Gerrymandering is a rampant inhibitor of Democracy in the United States. It has been used by both major political parties, but is more severely practiced by the Republicans. Democrats gerrymander less not for their moral superiority, but simply for the fact that it is easier and more effective when employed by the GOP. Given the ideological gap among racial groups they can, to their benefit, draw districts on racial lines and maximize their representation. For Democrats, it is harder to identify which communities are conservative, thus making these tactics less successful. It should go without saying that the irregular drawing of districts to maximize electoral success is highly undemocratic. While some states hire an impartial third party to draw districts, many Republican governor’s offices control this process themselves. When this issue was brought forth to the Supreme Court, it recused itself of the authority to determine the constitutionality of gerrymandering. This effectively erased any hope of a sweeping federal response. And given the current construction of the court, it is safe to assume that it will not occur any time soon. The portions of this bill which seek to combat gerrymandering are limited in their scope and strength. However, any legal means through which gerrymandering is limited, is nonetheless a step in the right direction.
The campaign finance portion of the FTVA is a timely response to the Trump administration’s shady dealings with the Russian government. Limiting foreign intervention into a democracy is important, but such legislation should always be closely examined. These reforms can and have been weaponized by authoritarians, like Vladimir Putin, to reign in the power of NGO’s who seek to promote democracy and socially liberal policies. Any attempt to modify campaign finance with respect to foreign nationals should be subject to introspection, but in the case of the new Voting Rights bill it can almost unequivocally be described as pro-democratic. The targets of this clause are not democracy-promoting NGO’s, but instead foreign actors who seek to undermine the United States and cause division. Several Trump campaign supervisors were proven to have colluded with Russia to spread misinformation on social media platforms, disparage political American hegemony and the rule of law. The reform in question only seeks to require greater financial transparency with respect to political campaigns and more strictly enforce existing statutes which prohibit foreign collusion. These changes do not endeavor to undermine democratic international agencies; instead, they protect democracy from nefarious actors, a necessary feature for its survival in a globalized, digital age.
Minnesota Senator Amy Klobuchar introduced the bill into the senate in mid September. Since Biden’s Build Back Better plan was shelved, passing this act has been the Democrat’s greatest priority. From the beginning, many knew this would be an uphill battle as conservatives have stood on a united front against electoral reforms which disadvantage them. The final vote predictably was divided on party lines, falling comfortably short of the 60 vote threshold. The only Senator to vote with the opposing party was Chuck Schumer, who only did so to keep alive the possibility that Democrats could change the senate rules and eliminate the filibuster. This plot was predictably foiled by Manchin and Sinema, who have less electoral incentive to secure voting rights compared to the rest of the party.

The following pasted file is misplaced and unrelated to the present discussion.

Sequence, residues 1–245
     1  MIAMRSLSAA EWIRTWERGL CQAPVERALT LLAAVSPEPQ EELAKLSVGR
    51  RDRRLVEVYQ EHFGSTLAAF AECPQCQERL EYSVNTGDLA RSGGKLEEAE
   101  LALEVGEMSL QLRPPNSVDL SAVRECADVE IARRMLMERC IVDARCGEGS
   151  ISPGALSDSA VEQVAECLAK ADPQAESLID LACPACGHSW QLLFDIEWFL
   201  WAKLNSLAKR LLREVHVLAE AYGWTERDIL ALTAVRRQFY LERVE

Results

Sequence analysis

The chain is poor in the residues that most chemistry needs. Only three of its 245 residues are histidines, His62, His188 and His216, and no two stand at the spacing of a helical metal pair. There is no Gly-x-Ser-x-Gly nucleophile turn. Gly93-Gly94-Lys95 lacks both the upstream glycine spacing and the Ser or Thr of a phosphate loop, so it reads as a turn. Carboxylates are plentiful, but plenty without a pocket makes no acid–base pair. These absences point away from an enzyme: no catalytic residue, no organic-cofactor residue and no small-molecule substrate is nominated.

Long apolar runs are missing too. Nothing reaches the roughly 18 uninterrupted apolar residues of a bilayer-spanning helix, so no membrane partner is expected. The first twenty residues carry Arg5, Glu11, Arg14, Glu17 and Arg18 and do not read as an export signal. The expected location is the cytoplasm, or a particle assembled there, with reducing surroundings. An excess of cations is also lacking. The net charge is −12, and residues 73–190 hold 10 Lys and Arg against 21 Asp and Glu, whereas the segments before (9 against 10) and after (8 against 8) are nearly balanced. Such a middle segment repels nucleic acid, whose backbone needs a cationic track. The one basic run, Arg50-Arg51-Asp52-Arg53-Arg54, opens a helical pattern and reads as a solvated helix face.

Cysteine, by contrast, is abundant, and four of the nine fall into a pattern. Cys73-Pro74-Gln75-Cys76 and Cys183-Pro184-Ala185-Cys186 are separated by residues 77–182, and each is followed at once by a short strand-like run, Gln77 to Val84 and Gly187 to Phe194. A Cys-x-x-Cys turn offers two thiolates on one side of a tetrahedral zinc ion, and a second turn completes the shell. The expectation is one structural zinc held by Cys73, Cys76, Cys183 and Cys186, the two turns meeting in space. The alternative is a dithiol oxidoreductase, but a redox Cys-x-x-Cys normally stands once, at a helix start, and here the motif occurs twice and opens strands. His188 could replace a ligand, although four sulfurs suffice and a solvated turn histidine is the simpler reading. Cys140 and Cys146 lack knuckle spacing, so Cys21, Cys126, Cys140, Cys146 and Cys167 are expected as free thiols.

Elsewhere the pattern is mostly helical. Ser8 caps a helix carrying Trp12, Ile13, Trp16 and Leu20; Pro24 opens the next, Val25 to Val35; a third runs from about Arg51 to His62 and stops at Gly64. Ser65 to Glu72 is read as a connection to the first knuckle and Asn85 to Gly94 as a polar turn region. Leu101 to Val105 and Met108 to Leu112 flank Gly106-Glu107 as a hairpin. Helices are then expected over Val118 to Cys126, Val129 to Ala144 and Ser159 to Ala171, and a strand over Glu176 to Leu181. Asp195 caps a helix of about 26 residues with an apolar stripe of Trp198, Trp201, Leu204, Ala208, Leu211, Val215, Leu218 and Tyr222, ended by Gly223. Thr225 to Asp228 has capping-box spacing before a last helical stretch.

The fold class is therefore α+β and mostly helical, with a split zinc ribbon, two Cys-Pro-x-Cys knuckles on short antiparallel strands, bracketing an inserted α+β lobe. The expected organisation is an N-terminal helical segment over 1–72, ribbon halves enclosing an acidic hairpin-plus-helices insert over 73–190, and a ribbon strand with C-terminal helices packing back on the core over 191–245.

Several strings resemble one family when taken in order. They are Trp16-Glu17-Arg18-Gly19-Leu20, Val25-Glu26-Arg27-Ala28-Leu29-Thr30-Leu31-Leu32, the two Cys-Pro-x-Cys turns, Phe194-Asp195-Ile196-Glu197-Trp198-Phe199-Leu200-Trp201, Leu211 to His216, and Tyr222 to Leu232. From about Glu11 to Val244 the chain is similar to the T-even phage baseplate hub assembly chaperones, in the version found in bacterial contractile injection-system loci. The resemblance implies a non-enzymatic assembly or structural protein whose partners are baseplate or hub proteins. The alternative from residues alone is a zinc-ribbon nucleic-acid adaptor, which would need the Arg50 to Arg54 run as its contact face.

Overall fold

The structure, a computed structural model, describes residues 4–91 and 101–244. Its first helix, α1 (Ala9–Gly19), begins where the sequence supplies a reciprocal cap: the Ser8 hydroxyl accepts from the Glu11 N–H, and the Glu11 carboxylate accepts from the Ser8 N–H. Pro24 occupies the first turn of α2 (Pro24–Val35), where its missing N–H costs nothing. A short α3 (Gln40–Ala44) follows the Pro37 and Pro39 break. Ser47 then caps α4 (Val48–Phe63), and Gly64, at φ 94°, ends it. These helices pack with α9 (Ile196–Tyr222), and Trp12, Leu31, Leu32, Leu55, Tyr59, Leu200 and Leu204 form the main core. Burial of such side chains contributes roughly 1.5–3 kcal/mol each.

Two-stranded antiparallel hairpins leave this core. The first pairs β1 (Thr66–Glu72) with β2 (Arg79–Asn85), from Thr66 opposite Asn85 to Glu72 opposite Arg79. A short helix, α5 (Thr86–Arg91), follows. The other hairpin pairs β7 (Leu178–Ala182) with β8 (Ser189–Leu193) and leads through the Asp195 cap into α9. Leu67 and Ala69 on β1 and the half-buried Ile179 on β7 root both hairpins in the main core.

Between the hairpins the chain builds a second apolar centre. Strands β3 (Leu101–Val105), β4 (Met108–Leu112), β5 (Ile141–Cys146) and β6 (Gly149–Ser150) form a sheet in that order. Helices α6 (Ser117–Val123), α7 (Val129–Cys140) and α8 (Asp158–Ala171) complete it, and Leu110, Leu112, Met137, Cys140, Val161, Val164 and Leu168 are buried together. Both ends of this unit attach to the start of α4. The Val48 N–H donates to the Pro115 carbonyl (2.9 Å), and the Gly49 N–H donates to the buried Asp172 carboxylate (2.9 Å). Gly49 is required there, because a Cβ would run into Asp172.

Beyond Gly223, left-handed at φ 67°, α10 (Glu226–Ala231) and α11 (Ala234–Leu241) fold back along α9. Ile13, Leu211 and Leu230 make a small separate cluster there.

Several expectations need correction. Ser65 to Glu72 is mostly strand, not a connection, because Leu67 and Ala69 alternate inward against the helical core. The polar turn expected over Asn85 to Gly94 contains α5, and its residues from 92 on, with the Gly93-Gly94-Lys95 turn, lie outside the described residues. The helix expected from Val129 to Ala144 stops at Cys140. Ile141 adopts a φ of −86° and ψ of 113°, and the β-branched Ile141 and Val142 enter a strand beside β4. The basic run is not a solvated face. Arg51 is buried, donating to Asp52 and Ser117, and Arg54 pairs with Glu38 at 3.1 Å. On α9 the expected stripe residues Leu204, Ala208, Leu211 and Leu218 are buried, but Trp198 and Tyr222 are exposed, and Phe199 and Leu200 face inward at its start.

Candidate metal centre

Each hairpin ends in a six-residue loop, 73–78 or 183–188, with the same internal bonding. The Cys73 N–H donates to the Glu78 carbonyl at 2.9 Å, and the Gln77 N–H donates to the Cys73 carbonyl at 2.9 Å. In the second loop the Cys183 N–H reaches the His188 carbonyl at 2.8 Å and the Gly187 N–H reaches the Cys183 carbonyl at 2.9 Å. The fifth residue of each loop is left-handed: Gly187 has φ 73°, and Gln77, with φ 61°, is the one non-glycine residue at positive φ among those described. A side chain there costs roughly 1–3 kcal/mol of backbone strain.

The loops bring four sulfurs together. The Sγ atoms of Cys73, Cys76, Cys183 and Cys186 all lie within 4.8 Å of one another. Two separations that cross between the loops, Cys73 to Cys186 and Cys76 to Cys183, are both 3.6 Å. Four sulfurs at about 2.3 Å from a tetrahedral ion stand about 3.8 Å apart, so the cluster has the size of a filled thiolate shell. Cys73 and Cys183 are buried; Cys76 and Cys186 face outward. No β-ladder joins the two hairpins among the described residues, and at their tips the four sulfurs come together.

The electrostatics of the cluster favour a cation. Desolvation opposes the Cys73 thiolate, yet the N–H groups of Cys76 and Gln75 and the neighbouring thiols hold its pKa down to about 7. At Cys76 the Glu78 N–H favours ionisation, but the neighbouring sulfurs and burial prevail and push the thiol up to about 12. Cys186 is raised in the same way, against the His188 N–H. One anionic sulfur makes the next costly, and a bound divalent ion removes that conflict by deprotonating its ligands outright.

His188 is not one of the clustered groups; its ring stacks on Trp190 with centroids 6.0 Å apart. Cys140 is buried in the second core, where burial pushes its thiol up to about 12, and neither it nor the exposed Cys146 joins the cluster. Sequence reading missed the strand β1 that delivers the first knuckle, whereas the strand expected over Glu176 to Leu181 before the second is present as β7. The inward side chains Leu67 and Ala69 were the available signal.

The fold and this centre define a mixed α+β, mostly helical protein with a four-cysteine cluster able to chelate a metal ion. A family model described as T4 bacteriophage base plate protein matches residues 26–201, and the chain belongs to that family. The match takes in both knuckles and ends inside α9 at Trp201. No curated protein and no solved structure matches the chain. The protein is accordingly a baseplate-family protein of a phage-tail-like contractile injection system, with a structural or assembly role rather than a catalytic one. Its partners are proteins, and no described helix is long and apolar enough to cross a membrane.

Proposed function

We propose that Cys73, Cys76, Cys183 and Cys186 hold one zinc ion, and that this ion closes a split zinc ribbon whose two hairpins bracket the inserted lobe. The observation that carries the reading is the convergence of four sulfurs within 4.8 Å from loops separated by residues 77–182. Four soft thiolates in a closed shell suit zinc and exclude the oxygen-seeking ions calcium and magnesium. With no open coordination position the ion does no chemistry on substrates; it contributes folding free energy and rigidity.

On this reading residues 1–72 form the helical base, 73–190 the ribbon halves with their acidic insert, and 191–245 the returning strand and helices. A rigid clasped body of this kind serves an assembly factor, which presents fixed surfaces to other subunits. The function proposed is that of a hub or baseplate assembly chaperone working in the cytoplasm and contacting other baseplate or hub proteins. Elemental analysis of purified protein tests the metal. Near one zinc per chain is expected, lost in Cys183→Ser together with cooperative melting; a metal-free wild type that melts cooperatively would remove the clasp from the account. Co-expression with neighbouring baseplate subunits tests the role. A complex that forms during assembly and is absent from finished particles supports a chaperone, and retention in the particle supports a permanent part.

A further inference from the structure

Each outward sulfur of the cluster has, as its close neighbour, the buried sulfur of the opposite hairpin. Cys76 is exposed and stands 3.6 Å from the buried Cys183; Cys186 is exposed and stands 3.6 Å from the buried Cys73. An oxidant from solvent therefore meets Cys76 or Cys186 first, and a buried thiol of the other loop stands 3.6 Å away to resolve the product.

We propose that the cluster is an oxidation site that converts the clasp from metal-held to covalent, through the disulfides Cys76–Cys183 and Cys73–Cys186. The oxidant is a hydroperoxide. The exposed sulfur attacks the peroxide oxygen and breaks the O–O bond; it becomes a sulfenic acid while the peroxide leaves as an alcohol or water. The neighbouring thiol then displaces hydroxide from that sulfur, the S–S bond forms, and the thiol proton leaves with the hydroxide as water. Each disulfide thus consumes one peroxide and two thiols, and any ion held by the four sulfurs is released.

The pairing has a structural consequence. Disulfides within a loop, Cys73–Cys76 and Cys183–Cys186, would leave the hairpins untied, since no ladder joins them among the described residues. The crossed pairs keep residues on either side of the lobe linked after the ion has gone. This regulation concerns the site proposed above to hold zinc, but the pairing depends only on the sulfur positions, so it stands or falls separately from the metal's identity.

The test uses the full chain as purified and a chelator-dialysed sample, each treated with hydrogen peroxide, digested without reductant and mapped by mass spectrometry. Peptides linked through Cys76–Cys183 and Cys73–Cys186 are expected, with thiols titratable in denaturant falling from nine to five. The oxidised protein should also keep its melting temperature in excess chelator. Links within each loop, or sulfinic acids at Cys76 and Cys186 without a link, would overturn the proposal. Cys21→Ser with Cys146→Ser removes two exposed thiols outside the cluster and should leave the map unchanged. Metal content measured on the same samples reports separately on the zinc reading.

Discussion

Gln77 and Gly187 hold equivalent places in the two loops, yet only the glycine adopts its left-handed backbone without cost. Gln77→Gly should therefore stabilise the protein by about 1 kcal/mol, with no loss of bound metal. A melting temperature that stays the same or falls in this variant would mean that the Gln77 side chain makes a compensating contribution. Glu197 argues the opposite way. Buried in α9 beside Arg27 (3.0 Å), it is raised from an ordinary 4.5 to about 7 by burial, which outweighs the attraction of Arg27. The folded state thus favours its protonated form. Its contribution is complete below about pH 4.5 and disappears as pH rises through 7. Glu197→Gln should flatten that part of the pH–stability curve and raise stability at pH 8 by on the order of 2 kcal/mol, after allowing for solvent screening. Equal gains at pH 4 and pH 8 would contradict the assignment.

Where does this leave us now? Democrats could reconvene and draft another piece of legislation, one with which at least 10 of their Republican counterparts will be happy. To do so would require such significant distortion to the act’s provisions, that it would change the character of the bill altogether. It is also unlikely that a compromise could be made with Manchin, as their disagreement stems not from the statute, but instead the destruction of the filibuster. With all this being said, it is nearly impossible that the Democrats will be able to pull together significant electoral reform before the 2022 primaries. As Biden’s approval rating has fallen to its lowest point since taking office, GOP-controlled state governments continue to modify their electoral procedures. For democrats, these developments spell disaster not only for the midterms later this year, but also the 2024 presidential election, a possible 2020 rematch.
The threats emanating from electoral reforms in Republican states as well as another term of Donald Trump in the White House should not be taken lightly. Democratic voters and lawmakers should not be the only ones concerned with these developments. Anyone who holds sacred the preservation of a democratic form of government in the United States should be alarmed. As history has shown us elsewhere, institutions can fall in a number of ways and at various speeds; democracy, in hegemonic nations such as the United States, is often defeated through a gradual erosion.
I really appreciated your piece Daniel, and I think that you did a great job of highlighting the nuance and context of the FTVA. I think that the overarching and looming midterm elections that you mention at the end are definitely important in understanding how and why this bill was being pushed, but I also appreciated the background and history. You point out fact that gerrymandering and voter suppression disproportionately affect people of color, and how proposals for voting rights reforms can make the experience more democratic. I think maybe you could have gone more in-depth as to how these limitations to voting, such as felon disenfranchisements and limited early or mail-in voting are connected to democratic erosion. How are people’s voting rights connected to authoritarian or potentially authoritarian behavior? I do think you did a great job of pointing out how the GOP takes advantage of gerrymandering’s Republican bias to create a power-grab when districts are re-drawn. Your piece touches on many important aspects of the FTVA bill, but I am interested in these aspects of voter rights and aspects of democratic erosion.